Deus Ex: Human Revolution – Game Review/Free Game Friday

 

Deus Ex: Human Revolution was released in the UK over the weekend. After playing the game ourselves for an unhealthy amount of time already, we  thought we’d be nice and write this little review for you (while also giving ourselves a much needed breather). Oh and we also managed to blag two copies of the PC version to give away so you too can become mechanically augmented. To enter simply retweet this post: Tweet this.

The hype that precedes titles like this almost always leads to some form of disappointment. The most ambitious titles risk promising too much and fumble when you can’t deliver what they set out to do. Deus Ex: Human Revolution however, truly rises to the occasion. Despite being subject to a media frenzy of speculation and high audience expectation, Eidos-Montreal has very nearly escaped being faulted at all. I will even put my neck on the line and rate this as my game of the year.

 

Story:

You play as Protagonist Adam Jensen, an ex-SWAT specialist who’s been contracted to oversee the defensive needs of America’s most experimental biotechnology firms. Your job is to safeguard the company’s secrets, but a black ops team breaks in and kills the very scientists (and past love interest Megan Reed) you were hired to safe-guard, leaving you badly wounded during the attack. Left with no choice but to become mechanically augmented, you soon find yourself becoming swept up in a globe-spanning conspiracy hinging on the powerful yet highly dangerous, augmentation technology.

 

Gameplay:

The game provides an eclectic mix of action, stealth and role-play. If you choose to play aggressively, close-quarter takedowns combine with intense fast-paced shooting, If you choose to play the game stealthily, it plays in a similar way to other stealth games like Splinter Cell. You can sneak up behind people without being traced, use your social skills to extract information from key characters, or hack systems to retrieve crucial information. The game even rewards all styles of play and approaches depending on your choices. There are always multiple choices, tools, approaches, and paths at your disposal. Choose your playing style and face the consequences of your actions: you decide how the story unfolds. This makes the side missions another feature of the game to shout about; as you aren’t faced with the same fetch-type side missions you would face in a range of other games titles. Word of advice, save often and if you decide to play the game on hard mode, be prepared, the enemies will take constant head shots at you, so if you are new to the game, stick with the intermediate level.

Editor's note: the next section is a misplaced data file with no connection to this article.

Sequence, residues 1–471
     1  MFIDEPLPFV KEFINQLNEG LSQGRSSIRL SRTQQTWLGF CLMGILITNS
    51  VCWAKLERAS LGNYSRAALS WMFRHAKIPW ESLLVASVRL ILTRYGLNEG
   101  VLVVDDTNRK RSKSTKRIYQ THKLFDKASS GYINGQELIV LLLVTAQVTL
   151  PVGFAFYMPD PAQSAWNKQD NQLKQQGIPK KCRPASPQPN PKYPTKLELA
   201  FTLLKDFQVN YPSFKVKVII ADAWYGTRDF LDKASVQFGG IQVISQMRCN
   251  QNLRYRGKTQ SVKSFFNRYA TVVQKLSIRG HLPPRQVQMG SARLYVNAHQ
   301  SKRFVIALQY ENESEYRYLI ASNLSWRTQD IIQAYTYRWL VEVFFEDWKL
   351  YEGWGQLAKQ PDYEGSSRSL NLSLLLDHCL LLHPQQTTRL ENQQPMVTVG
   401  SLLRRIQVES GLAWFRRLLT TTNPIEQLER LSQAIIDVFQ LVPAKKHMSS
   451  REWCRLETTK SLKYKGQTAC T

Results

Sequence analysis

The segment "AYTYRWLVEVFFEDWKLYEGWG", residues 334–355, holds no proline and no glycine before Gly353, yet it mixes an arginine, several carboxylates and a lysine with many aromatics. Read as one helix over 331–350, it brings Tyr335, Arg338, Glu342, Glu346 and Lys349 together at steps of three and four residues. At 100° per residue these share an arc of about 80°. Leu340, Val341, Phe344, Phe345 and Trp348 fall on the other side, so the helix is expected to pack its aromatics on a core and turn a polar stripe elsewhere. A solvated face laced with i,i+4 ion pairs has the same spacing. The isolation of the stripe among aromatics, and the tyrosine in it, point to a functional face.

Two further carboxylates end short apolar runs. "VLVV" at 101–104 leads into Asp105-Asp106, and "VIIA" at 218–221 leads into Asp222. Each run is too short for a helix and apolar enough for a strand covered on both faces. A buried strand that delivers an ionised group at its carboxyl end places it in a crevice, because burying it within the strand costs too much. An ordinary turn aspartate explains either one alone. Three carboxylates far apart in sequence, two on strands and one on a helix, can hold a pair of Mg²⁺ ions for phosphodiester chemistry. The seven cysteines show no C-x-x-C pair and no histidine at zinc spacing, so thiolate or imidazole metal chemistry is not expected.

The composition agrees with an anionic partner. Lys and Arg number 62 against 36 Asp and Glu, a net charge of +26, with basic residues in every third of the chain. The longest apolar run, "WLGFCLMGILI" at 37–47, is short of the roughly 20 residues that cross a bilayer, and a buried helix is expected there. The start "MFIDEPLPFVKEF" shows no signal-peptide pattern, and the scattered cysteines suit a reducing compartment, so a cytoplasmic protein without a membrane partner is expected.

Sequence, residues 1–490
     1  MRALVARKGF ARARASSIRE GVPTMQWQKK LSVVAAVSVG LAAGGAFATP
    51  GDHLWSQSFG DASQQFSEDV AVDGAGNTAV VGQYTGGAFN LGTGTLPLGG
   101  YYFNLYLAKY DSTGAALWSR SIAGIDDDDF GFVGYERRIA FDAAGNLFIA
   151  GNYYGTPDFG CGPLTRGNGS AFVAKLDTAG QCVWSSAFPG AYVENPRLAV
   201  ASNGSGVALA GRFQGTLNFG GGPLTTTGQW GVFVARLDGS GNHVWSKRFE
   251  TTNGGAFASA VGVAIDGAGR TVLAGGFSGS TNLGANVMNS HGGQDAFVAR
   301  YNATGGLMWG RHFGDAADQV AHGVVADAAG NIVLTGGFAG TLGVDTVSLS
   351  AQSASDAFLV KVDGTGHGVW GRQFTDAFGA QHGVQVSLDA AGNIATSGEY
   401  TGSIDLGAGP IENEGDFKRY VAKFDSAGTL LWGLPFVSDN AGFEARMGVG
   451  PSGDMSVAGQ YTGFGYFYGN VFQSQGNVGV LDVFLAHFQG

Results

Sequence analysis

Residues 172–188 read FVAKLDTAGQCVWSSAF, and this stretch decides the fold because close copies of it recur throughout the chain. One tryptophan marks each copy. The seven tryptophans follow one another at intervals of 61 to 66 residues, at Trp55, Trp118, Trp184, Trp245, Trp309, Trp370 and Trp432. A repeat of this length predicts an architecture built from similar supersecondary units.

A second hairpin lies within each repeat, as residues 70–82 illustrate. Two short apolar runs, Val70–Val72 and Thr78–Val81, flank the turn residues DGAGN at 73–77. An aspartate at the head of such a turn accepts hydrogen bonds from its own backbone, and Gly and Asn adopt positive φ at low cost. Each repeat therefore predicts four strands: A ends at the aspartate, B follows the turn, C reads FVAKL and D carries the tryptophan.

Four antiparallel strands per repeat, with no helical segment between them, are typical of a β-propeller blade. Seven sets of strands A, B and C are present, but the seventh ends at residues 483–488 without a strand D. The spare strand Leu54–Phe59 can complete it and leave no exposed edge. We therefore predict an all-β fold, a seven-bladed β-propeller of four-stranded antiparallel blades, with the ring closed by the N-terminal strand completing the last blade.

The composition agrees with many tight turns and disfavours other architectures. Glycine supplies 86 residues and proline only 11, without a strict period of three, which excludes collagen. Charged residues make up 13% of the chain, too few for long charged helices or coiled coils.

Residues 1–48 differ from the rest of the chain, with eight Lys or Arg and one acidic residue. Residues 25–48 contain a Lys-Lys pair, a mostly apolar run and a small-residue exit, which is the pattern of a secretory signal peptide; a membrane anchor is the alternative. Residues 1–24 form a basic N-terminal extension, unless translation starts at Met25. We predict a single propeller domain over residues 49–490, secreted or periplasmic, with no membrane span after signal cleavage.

PC bonus:

Deus Ex: Human Revolution is great on every platform, but the PC version rules the roost. Eidos Montreal employed PC developer Nixxes to give the loyal PC fans of Deus Ex some extra attention. All of the visual sliders and tweaks expected by your average PC gamer are in place, and there’s additional DirectX 11 support for screen space ambient occlusion, subtle tessellation support, and a great number of anti-aliasing modes. Stability is generally good, but there have been reports of issues with black screens during the cinematic scenes, so again we would recommend you save often.

 

Final thoughts:

Deus Ex’s resounding quality is that it leads you into a place where experimentation feels comfortable. Whether this be with the augmentations themselves or your sense of achievement when trying to outsmart the game’s rules, leaving you with a smug feeling of satisfaction or loss of sleep depending on the decisions you make. Despite this openness, Deus Ex always remembers to incentivise the choices you make along the way. Just remember, your choices define your experience!

See the official Deus Ex: Human Revolution trailer at IGN:

 

Reviewed on: PC
Genre: First-Person Shooter
Number of Players: 1
Europe Release Date: August 26, 2011
Published by: Square Enix
Developed by: Eidos Studios – Montreal
PEGI: 18+: Violence, Drugs, Bad Language
Also Available On: Xbox 360, PlayStation 3

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